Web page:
by Deborrah Uecker
Professor of Communication at Wisconsin Lutheran College and CMI Board Member
It can be said that ‘what you allow will continue’. As a professor of communication for almost 30 years I struggle with what society ‘allows’ when it comes to the use of technology, especially cell phones. I recall an evening at a very nice restaurant above Lake Michigan. The moon was shining, full, over the lake. My husband and I were enjoying the ambiance, good food and atmosphere. And though we had a gift certificate that allowed us to pamper ourselves, I savored the time with my husband. But looking over the tables of couples around us, we were just about the only ones not on our phones! Really people….what is more important than the person across from you?!
It is has become a pet peeve of mine. A championship basketball game, half of the people around me are on their phones. A high ranking administrator who is never without the phone and gives the impression that anything that potentially is on the phone is more important than the people around them at the moment. Then there are the ten to fifteen minutes before my small group communication class where the getting to know the others in the class is essential to group process, students sit down, pull out their phones and any potential getting to know you opportunity is lost.
Now granted, the couple in the restaurant may be connected to a babysitter, and basketball is often only interesting in the second half. The administrator is more significant to the welfare of those around them and being constantly connected is what can perhaps make or break an institution. But the process of perception starts by choosing what we are going to pay attention to. Studies have shown that we are not the masters of multi-tasking we think we are. The nonverbal message being sent when you have a phone in your hand and your eyes glued to the small screen, it says ‘no trespassing’! It says whatever is on Facebook or Instagram is far more interesting than engaging in the face to face conversations that connect us to each other. And frankly, it can just be rude behavior.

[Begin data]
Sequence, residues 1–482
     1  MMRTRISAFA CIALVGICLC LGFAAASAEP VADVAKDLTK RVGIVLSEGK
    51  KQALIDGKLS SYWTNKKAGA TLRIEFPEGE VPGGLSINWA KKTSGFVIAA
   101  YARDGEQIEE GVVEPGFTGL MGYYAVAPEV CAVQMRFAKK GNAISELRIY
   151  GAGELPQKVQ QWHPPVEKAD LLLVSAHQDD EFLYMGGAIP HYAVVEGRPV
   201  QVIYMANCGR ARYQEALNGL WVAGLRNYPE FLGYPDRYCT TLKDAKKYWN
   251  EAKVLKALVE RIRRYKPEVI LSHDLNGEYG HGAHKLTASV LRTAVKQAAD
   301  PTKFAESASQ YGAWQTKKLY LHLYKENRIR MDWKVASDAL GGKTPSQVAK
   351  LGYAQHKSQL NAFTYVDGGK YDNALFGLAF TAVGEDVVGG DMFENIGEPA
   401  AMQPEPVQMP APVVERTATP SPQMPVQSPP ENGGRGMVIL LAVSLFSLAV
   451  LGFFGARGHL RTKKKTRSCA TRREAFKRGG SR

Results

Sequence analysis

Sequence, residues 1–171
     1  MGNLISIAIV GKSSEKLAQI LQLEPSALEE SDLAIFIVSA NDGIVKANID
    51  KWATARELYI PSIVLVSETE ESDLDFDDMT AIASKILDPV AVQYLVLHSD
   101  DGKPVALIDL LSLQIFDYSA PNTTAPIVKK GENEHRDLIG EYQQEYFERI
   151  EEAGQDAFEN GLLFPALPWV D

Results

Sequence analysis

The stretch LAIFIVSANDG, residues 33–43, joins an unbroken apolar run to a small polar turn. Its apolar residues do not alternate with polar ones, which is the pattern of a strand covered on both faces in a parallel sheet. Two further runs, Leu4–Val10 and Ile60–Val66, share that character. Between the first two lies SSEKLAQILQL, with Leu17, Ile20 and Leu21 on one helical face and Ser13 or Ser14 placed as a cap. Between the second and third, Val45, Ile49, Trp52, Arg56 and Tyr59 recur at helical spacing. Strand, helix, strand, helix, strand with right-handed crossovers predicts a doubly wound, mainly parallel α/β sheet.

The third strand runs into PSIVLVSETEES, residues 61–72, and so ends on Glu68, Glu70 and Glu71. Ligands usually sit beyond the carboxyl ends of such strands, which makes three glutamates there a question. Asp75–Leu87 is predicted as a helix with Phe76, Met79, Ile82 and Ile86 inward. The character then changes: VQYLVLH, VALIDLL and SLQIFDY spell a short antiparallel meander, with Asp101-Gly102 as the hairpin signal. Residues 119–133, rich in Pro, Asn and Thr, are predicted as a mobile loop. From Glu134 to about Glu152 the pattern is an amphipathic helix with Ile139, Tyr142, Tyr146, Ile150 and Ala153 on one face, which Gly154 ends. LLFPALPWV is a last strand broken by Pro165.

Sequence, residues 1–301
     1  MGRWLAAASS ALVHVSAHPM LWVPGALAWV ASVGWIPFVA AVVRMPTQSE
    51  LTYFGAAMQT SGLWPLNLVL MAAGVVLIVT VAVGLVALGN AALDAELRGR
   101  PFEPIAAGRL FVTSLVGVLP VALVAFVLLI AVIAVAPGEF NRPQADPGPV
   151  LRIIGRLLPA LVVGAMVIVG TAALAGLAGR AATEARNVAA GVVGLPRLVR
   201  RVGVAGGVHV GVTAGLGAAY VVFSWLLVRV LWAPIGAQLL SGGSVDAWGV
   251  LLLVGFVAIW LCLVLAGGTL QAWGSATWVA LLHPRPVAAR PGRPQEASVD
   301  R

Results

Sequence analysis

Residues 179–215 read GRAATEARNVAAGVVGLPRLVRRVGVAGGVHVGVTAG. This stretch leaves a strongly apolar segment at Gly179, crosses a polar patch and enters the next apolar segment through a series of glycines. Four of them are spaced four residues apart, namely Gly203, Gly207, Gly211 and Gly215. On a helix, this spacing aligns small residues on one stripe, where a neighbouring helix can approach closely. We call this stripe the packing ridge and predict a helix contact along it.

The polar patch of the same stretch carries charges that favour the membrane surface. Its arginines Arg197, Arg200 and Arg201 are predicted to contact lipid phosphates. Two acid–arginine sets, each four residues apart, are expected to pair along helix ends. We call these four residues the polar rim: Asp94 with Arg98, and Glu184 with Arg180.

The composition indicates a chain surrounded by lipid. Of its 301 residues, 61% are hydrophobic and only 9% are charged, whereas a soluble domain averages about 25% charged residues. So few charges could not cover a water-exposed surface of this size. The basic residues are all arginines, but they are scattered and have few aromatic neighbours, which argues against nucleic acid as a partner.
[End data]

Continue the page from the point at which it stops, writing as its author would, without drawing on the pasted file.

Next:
We have been created by God to be relational beings. A cell phone does allow for unprecedented continuous connection to others in our relationship circles. We can gather instant information about an infinite number of topics and current events around the world. Our ‘global village’ on this earth has been blessed by our God with the ability be connected with each other through cell phones, and perhaps have stronger relationships.
As I sit here in my living room watching the closing ceremony of the 2018 Olympics in Korea every athlete marching into the stadium has a cell phone. But I am going to give them a pass on cell phone use…they are certainly connecting and capturing a special moment for themselves and those back home. They have earned it!